LAWRENCE — This spring, the University of Kansas Center for Latin American and Caribbean Studies will award Tinker Field Research Grants to graduate students for research in Latin America during 2016. The funds come from the Tinker Foundation.
Interested students can find application materials and directions on the center’s Graduate Funding Page. An informational session for interested applicants will take place at 3 p.m. Monday, Feb. 1, in 318 Bailey Hall. Applications are due before noon Feb. 15. The grants are open to graduate students in any field, including the natural sciences and professional programs.
The Tinker Foundation has supported the center in the past with field research grants, from 1996-1998, 2001-2004 and 2008-2011. This year will be the last of the current three-year cycle of funding that began in 2014, and the awards will be higher than in previous years. The foundation requires that grantee institutions wait two years after the end of each grant period before applying again, so this will be the last opportunity until at least 2019. During each of the previous periods, at least 60 graduate students were funded for short-term research abroad. These students went on to develop superior research proposals for external funding based on their time in the field as well as superior dissertations and theses. Many are now faculty members themselves, while others enjoy successful careers in private industry, the nonprofit sector and government service.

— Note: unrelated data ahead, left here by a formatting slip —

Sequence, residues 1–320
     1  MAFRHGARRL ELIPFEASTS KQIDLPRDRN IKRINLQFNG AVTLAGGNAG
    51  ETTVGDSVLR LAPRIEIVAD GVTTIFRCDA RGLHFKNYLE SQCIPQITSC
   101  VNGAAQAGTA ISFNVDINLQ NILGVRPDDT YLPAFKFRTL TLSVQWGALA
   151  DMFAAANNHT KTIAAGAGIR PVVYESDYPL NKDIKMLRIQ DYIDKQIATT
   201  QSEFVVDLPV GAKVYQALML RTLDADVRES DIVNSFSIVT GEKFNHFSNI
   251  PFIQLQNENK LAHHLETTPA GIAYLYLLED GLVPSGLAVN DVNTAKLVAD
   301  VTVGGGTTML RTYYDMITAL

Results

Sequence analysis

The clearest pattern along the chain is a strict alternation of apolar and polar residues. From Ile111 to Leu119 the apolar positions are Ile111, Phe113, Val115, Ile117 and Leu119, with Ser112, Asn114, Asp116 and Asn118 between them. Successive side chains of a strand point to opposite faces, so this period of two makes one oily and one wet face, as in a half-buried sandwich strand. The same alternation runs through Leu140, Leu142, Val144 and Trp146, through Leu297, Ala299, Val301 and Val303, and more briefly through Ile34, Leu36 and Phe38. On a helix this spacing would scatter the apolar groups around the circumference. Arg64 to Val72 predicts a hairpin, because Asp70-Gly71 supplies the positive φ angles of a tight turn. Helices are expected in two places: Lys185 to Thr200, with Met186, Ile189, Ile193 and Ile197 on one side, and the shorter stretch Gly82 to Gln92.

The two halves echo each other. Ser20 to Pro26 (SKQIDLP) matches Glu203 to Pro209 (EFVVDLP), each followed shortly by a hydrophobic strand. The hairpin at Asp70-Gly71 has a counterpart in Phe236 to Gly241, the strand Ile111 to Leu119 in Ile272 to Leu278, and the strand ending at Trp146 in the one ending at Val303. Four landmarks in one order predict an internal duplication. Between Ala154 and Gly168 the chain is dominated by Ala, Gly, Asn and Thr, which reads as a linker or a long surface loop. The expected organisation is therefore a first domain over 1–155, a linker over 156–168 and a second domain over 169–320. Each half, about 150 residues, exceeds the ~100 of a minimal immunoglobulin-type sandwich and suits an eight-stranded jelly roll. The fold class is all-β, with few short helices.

Tinker recipients often pursue projects related to public health, conservation, community development, anthropology, culture, education, music and art. Project sites may range in Spanish- or Portuguese-speaking countries from the Southern Cone to the Caribbean islands and from countries in Central America to the border regions of Mexico. Recent grantees have visited such countries as Mexico, Haiti, the Dominican Republic, Ecuador, Peru, Argentina, Uruguay, Paraguay and Brazil.
“Tinker Field Research Grants let graduate students go where they’ve never gone before,” said acting Center Director Brent Metz. “Our past experience makes it clear that they find the opportunity to make contacts and conduct exploratory research in the field a life-transforming experience. Our past Tinker fellows have done well in national competitions for larger research grants and on the job market. Many go on to dedicate their lives to Latin American issues.”